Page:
A friend of mine sent out a link to an article on CNN ( http://www.cnn.com/2015/07/16/living/kindergarten-social-skills-adult-success-study-feat/index.html ) that talks about the link between a kindergartners social skills and their success as a young adult. Some of the researchers were surprised by the strong connection between the two. I am rather astounded that what I believed was common knowledge astounded researchers.
The idea that the way a child handles situations or a number of social skills they have at a particular age, in this instance kindergarten, correlates with the way they are able to handle themselves as an adult has been known to parents for quite some time. There is an old saying ” the child is the father to the man”. This idea has been known for some time now and I hope parents realize it.
The work and guidance you put into your child as they grow, specifically when they are young, build the internal structure your child/children need to regulate their emotions and social situations as they grow. Will they still fail at times and have outbursts? Yes, however, they will be actively working on themselves and their ability to navigate through trying emotions and social interactions. This will help them grow and become responsible adults rather than the stereotypical millennial.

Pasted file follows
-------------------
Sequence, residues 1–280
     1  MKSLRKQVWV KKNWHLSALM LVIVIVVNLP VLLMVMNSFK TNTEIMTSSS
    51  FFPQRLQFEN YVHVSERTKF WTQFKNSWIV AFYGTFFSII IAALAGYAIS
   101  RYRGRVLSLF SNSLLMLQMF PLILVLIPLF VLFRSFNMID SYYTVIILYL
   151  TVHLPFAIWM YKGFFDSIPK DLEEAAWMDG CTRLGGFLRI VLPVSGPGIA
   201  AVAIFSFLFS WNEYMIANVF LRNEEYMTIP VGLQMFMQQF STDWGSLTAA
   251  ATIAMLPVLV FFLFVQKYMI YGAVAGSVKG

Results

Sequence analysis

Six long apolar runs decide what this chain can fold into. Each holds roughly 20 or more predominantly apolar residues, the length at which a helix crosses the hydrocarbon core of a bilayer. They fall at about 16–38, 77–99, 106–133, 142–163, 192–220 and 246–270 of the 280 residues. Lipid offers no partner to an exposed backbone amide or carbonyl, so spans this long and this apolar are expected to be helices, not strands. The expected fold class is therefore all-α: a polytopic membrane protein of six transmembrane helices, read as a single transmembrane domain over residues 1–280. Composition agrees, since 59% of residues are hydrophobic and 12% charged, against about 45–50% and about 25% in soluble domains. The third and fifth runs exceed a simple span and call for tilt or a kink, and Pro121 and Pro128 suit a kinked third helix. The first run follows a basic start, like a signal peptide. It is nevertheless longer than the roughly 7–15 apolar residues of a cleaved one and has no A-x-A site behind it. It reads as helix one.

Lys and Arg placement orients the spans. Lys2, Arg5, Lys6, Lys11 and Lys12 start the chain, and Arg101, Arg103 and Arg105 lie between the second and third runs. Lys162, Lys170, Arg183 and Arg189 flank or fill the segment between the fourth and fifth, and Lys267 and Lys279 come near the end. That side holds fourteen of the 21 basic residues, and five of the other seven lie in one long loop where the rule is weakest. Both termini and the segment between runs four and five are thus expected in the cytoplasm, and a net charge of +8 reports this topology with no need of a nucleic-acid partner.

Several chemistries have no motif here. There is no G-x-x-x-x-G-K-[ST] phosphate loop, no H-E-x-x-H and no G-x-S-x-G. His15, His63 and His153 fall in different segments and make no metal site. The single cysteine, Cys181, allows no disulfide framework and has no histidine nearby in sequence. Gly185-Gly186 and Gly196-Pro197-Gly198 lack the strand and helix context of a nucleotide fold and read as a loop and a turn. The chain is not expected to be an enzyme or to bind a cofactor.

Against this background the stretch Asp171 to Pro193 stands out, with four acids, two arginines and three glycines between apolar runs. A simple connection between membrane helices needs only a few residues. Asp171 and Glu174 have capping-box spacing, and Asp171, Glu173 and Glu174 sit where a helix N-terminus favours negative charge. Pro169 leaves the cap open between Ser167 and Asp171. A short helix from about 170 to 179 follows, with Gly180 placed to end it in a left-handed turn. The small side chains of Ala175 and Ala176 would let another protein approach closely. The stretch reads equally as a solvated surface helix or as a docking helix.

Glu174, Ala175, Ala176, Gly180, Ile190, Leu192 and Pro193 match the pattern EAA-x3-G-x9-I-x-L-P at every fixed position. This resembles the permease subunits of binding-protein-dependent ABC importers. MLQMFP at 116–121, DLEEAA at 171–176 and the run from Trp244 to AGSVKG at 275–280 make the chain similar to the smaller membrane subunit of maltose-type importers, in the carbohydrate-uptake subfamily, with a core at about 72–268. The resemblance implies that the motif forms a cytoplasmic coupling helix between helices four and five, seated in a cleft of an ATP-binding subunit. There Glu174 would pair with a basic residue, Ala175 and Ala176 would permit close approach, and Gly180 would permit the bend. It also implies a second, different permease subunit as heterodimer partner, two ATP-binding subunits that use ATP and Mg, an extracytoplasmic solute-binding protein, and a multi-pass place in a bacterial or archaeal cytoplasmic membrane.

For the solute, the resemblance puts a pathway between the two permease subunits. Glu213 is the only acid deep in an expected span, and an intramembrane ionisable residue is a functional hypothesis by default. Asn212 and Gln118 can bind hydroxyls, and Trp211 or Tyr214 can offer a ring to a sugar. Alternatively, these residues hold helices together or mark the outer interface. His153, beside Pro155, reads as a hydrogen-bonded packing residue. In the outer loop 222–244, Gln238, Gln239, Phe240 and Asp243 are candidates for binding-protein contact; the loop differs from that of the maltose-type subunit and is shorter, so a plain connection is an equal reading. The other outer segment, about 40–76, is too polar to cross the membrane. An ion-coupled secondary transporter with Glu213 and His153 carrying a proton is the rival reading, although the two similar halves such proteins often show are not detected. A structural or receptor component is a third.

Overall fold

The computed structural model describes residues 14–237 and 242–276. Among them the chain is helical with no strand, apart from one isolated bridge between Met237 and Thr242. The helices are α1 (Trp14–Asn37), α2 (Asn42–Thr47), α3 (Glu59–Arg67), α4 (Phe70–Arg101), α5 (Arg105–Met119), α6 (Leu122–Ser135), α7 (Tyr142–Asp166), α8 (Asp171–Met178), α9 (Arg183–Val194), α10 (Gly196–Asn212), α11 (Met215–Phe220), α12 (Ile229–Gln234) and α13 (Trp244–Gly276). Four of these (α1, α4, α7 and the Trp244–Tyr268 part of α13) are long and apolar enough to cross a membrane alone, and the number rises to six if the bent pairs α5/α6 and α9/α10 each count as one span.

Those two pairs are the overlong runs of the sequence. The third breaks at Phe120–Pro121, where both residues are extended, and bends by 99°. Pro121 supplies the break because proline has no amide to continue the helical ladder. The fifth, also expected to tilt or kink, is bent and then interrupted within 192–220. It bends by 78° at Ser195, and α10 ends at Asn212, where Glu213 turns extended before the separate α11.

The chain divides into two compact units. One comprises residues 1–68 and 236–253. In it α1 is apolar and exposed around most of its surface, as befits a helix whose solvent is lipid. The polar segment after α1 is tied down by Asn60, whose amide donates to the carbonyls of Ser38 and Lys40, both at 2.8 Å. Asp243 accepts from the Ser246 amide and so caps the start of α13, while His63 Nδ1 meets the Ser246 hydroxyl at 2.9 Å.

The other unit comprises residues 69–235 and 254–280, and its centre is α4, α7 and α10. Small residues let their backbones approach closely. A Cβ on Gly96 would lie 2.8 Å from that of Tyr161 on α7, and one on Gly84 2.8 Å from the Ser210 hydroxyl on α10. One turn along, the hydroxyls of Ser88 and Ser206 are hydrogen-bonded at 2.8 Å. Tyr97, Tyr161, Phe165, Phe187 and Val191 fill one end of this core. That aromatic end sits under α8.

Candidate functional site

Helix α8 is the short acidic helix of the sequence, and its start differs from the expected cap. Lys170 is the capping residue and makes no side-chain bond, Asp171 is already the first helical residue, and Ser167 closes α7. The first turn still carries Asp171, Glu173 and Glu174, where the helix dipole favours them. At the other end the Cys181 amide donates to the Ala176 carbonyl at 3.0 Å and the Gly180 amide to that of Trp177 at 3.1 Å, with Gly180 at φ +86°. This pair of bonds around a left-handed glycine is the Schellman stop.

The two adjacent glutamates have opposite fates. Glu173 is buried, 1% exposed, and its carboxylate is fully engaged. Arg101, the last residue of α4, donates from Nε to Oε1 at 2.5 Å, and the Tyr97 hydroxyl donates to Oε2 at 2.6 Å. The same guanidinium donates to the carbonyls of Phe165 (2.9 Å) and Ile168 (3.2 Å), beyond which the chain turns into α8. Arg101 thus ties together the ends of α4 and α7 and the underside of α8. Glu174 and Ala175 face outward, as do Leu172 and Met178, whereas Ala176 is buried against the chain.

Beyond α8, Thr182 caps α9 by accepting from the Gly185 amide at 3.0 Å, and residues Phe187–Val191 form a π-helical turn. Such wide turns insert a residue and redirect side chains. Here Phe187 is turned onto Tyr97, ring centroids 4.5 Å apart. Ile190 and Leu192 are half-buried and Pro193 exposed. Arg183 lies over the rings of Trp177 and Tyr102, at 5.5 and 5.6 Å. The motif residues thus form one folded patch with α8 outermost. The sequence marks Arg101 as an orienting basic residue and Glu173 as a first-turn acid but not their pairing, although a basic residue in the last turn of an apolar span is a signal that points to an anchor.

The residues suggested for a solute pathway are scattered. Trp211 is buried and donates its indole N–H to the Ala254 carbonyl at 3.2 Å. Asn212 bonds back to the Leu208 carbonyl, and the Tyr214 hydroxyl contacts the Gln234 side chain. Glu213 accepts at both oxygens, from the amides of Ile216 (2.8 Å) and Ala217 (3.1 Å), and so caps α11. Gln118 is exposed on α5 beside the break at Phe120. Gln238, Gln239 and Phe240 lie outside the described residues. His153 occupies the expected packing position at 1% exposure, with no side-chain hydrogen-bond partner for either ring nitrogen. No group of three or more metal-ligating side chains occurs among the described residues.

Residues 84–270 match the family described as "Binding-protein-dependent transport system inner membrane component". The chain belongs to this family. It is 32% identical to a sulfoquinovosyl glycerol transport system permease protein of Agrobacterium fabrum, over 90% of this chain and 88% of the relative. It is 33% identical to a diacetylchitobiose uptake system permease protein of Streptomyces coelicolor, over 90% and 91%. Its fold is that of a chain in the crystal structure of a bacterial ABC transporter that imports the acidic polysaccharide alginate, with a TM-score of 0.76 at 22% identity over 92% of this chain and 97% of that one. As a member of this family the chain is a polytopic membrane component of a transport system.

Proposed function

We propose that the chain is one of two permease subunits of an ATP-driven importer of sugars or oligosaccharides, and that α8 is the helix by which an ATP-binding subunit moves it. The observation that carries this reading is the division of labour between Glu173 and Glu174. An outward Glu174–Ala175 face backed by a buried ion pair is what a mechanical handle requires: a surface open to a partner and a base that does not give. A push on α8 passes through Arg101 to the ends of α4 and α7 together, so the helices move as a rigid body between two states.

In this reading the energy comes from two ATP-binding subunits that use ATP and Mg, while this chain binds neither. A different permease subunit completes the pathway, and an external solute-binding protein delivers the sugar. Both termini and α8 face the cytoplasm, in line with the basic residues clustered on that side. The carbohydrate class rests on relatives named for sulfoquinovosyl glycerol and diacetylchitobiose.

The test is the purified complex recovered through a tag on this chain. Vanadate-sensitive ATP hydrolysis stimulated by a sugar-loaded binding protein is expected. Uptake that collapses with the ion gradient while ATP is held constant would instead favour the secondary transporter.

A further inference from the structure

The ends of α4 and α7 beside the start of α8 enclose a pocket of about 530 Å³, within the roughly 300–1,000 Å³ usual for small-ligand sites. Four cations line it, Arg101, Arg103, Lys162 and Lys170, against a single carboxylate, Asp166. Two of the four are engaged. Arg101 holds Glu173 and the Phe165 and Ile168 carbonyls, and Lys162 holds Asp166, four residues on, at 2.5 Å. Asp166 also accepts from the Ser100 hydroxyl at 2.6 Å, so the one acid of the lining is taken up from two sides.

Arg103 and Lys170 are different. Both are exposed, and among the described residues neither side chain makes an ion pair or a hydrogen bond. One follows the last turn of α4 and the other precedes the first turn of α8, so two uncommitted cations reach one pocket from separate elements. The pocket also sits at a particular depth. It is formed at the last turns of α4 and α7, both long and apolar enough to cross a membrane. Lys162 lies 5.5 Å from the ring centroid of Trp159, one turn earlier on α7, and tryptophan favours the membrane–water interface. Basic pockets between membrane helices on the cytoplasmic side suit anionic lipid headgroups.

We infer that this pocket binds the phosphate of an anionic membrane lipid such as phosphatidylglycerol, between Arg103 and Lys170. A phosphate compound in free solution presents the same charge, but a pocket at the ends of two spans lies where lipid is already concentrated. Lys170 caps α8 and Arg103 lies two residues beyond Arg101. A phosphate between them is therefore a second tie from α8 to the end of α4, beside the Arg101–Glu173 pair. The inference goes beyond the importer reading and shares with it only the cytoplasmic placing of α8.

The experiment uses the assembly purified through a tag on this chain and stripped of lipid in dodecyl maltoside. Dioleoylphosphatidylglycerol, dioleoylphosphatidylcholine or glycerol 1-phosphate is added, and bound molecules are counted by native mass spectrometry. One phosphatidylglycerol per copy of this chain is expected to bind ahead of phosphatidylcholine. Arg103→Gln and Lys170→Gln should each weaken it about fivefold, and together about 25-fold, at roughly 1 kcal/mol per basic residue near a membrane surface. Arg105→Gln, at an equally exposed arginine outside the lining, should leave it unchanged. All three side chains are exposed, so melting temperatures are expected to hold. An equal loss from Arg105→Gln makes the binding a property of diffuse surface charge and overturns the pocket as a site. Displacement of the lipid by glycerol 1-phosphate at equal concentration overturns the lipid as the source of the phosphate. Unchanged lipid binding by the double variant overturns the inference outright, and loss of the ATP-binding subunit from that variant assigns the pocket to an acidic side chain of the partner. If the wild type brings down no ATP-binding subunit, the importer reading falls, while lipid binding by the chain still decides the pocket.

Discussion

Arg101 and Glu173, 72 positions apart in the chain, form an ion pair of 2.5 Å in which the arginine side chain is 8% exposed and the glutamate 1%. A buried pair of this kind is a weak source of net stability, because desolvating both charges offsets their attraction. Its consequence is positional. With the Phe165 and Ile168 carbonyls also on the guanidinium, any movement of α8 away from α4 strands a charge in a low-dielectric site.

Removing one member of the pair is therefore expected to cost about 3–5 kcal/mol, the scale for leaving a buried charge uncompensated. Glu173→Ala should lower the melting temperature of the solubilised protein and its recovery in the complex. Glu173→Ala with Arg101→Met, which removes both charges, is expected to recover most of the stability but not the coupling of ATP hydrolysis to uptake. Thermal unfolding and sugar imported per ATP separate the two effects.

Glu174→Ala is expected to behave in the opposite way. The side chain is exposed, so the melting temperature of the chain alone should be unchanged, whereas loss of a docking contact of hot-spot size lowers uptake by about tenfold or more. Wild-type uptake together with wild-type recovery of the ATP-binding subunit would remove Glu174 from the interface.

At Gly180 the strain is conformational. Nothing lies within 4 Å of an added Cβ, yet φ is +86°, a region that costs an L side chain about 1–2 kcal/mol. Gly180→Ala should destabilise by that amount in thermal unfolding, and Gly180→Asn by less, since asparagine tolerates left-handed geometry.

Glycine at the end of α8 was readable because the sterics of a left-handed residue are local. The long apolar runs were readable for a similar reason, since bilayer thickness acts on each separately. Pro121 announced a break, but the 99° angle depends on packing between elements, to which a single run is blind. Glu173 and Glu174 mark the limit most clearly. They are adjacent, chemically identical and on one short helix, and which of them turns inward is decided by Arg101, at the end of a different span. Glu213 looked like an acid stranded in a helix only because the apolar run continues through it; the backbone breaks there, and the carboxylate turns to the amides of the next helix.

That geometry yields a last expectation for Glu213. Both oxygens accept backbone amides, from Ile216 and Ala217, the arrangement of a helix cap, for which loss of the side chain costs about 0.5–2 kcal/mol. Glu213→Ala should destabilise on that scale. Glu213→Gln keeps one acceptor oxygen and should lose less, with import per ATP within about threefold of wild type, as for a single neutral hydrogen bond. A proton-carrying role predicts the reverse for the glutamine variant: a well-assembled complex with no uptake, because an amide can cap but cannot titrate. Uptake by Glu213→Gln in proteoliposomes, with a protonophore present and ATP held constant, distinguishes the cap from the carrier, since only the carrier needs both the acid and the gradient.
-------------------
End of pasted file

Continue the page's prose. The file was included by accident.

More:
They also mentioned the ability to for children to learn emotional and social skills. There are several ways to do this. One is by playing games. Teaching children to control their bodies teaches them to control their emotions. Games like freeze tag, red light green light and more work for this. Reading is another way. While children don’t have many life experiences just yet, they can learn lessons from other people’s life stories. Children can take what happens in these stories and see what the characters did and can also think what they would do or play it out themselves. Letting children of different age groups helps with social and emotional skills as well. The interaction of varying ranges of emotional and social maturity helps each child involved. The older children learn how to help, interact, and even guide those who are younger or not as mature and the younger children learn from the older children of how to handle situations… unless there are a few bad apples, in this case, it can be a way to show them what not to do. Of course, there is also the parent being the example. If the parent cannot control and work through their emotions maturely then the child will learn the same thing.
The article is worth a read even if it comes to conclusions that are readily known by most parents.
Do you have ways you help guide your child in developing the internal structures to deal with emotions and social interactions? Let us know in the comments!